How to keep your blog from getting hacked:
- Make sure that the blog Theme you use is updated by its creators regularly. Hackers gonna hack. And I learned that hackers love to infiltrate vulnerable WordPress themes.
- Change your blog’s password at least monthly and make it really weird. Use symbols, lots of symbols.
- Do not let Google Chrome store your password (or any other personal information). It isn’t secure.
- Choose a hosting company that constantly updates its systems and security to keep ahead of potential new hacks.
- Run virus checks regularly, or arrange (for a fee) to have your hosting company do it for you.
- Check your bank account for activity daily.
- Check your PayPal account for unauthorized activity.
This is a small blog. Not famous. Not particularly “important.” But it is my blog. Yet someone took it as their own. He hacked into my “back office” and used my hosting account. My bandwidth. My everything. The hacker was comfortable enough that he created his own email address and password to my blog. My webmaster was amazed. She said she never saw anything like it before.
The hacker tried to access my bank account. Ping, ping, ping he went, somehow using my PayPal account, testing and trying to figure out the best way to obtain the money in my bank account. Guess what, thief? My husband watches our bank accounts like a mother lion protects her cubs. He notified our bank and I closed my business PayPal account.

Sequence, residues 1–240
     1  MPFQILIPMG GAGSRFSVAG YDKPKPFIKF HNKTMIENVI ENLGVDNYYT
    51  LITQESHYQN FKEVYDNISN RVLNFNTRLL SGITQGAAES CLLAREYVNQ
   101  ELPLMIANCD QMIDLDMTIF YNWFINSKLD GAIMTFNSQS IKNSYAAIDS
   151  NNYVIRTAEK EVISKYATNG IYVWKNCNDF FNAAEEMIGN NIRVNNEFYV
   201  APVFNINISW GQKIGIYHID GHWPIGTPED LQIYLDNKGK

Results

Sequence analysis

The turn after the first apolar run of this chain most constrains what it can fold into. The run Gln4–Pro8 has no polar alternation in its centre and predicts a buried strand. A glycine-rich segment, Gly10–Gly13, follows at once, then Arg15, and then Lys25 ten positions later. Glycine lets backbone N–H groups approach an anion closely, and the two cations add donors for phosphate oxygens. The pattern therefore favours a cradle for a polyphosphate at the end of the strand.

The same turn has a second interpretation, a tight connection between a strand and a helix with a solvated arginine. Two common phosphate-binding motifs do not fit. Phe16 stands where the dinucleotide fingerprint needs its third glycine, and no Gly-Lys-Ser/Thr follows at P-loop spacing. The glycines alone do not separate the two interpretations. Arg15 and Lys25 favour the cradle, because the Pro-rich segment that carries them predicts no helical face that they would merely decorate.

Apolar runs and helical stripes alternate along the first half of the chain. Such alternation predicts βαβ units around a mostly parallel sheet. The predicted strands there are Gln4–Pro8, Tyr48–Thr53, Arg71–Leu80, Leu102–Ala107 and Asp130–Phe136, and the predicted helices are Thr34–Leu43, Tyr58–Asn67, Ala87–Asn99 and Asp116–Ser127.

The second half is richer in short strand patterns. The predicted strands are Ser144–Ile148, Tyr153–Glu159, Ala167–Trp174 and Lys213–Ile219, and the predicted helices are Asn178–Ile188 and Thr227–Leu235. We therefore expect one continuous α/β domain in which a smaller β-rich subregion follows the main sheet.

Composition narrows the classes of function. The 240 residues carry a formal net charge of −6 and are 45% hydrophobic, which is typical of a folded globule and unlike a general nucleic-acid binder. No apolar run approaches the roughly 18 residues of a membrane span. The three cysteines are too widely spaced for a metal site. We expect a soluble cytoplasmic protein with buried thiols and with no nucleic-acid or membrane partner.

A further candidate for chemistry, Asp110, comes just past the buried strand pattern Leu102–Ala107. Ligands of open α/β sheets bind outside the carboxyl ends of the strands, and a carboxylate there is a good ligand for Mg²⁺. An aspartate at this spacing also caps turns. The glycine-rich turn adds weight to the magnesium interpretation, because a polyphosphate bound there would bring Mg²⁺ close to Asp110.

My webmaster and I worked to take back what is rightfully mine, but it was mighty time consuming, money consuming and discouraging, very discouraging to me. WordPress, which is what I’ve used since I started blogging, is so popular that hackers constantly look for ways to target its themes, etc. My webmaster changed my blog’s free WordPress theme, since the one I’d been using hadn’t been updated security wise for a very long time (Live and learn, folks).
We changed emails. We deleted the email that hacker created in my back office. We changed passwords. We ran virus checks. All to no avail. We’d find the problem file embedded by the hacker. My webmaster would obliterate it. And the hacker would return, often within hours, to re-create his email account, etc. and resume operations.
The hack started shortly after my original hosting company, Liquid Web, sold me (and a bunch of other accounts) to a hosting company called Deluxe Hosting. Liquid Web is like the Fort Knox of hosting. Deluxe Hosting? Not. Back doors, my friends. This hacker came in through a vulnerable back door.
Deluxe Hosting denies it, of course. Says that I/my webmaster are responsible for running virus checks, keeping passwords complicated, etc. And that’s true. What is troublesome is that no matter what we did, the hacker resumed operations. The problem is in Deluxe Hosting’s vulnerability. But the company reps with whom we spoke had zero interest in exploring that aspect of the hack when I and my webmaster mentioned it in our numerous phone calls/emails to the company’s help desk. I wonder how many others have been hacked since they too were transferred to Deluxe Hosting?
I’m done with Deluxe. My webmaster switched my blog hosting to Go Daddy and I’m about to begin blogging again. Will you join me?
Peace Out, Darlene